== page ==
Panel: East Asian Power Shift (RR)
Date/Time: Wednesday, April 23, 2014 / 09:00-10:15
David Sanger, The New York Times (Moderator)
Kim Sung-han, Korea University
Soeya Yoshihide, Keio University
James Steinberg, Syracuse University
Yao Yunzhu, Academy of Military Science, PLA
East Asia is in the midst of a profound transformation. The rise of China as an economic powerhouse has been a boon for the entire region. On the other hand, the rise of China as the region’s dominant strategic actor has raised tensions in the region, particularly in light of its territorial disputes with neighboring countries. As the region’s offshore balancer for the past half-century, the United States is also positioning itself for a “rebalance” to Asia in support of its allies and partners. Caught in between these East Asian tectonic power shifts are states spanning the entire length of Asia from South Korea in the north to Australia in the south. How are these countries engaging and responding to these strategic changes? With lingering flashpoints on the Korean peninsula and Taiwan Straits, growing maritime tensions, and a rapidly escalating arms race, can East Asia’s power transitions be managed?
Mr. David Sanger, National Security Correspondent for the New York Times, framed the panel discussion entitled, “East Asia Power Shift” by asking how each of the four main players in Northeast Asia—South Korea, China, Japan, and the United States – can worth together toward a new security architecture to manage the rapidly evolving geopolitical realities of the region.
Mr. James Steinberg, Dean of the Maxwell School at Syracuse University, asserted that a collective security agreement negotiated at a multilateral forum is the only way to defuse a security dilemma that threatens to grow out of control. He suggested this agreement should be broad in scope and cover financial and cyber security as well. Mr. Sanger noted that rising powers such as China tend to be uninterested in these kinds of agreements while they are still rising.
General Yao Yunzhu, Director of The Center on China-American Defense Relations at the Chinese Academy of Military Science, weighed in on this issues by expressing concern felt within China that it is often excluded or even directly targeted by security agreements such as the US bilateral alliance system. She explained that China has made great efforts to demonstrate its rise is peaceful, but that it will be unwilling to participate in any security agreements until good faith and reciprocation is shown. General Yao expressed understanding that the US is a “Pacific” nation with important connections to the region, but still cautioned that American activities in the region make China uncomfortable. She also restated her belief that China needs to continue doing its part to assuage the suspicions of its neighbors and work towards resolving maritime security issues such and the islands of the South China Seas and Diaoyu/Senkaku Islands.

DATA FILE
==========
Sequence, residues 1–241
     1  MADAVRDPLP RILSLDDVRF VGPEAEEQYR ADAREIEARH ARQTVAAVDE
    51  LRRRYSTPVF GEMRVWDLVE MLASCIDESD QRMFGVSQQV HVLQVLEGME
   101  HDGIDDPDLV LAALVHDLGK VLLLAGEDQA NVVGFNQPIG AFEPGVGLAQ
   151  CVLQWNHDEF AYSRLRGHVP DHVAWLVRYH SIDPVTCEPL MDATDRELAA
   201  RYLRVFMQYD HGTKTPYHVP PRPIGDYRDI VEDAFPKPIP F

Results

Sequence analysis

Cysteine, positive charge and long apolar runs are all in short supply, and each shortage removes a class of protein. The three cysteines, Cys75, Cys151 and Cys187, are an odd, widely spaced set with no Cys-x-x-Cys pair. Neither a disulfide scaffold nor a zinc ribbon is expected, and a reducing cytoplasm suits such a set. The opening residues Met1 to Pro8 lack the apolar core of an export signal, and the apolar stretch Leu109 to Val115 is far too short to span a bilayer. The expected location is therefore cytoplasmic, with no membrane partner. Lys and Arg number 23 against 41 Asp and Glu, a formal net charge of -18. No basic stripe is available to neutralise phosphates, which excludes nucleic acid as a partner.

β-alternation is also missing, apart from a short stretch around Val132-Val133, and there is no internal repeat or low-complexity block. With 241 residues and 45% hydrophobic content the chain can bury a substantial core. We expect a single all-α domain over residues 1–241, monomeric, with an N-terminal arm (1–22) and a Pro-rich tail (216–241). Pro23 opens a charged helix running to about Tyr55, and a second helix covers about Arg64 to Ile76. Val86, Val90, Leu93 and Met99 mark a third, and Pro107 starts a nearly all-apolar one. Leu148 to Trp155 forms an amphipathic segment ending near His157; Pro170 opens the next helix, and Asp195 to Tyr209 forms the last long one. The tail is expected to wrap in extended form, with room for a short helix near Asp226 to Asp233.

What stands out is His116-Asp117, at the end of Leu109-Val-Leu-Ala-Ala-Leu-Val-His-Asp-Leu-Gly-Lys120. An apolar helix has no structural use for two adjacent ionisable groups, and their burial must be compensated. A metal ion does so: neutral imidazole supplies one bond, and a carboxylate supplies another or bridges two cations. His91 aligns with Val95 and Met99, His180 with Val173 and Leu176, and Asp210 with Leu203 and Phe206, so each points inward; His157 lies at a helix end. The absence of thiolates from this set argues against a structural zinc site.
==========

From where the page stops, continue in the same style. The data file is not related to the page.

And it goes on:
Dr. Soeya Yoshihide, Professor of International Relations at Keio University, expressed a regret felt throughout much of Japan at the “return of geopolitics” to the region after a lengthy period of relative peace and stability. The Japanese leadership has not yet developed a grand strategy to deal with these changes, and he expects the alliance with the US to remain the cornerstone of Japanese strategic thinking for the foreseeable future. Professor Soeya expressed concern regarding the vilification in foreign media of Japan’s public discourse on becoming a “normal” country. He described critical viewpoints as distortions borne of misperceptions about Japanese intentions and the perception of who Japanese Prime Minister Abe is as a person.
Dr. Kim Sung-han, Director of the Ilmin International Relations Institute at Korea University, related that South Korea’s dual strategy is to maintain the current bilateral US alliance while also pursuing a multilateral regional dialogue based on the EU model. China is the ROK’s largest trading partner and therefore its security depends on peaceful coexistence between its two larger partners. Furthermore, South Korea’s DPRK strategy relies on coordinated pressure from both the US and China so any strategic competition between the two threatens to derail South Korea’s interests. Dr. Kim also expressed concern regarding Japan’s pursuit of a collective self-defense capability and urged Japanese leaders to make clear their intentions are separate from those of the ideological right in order to alleviate the concerns of China and the ROK.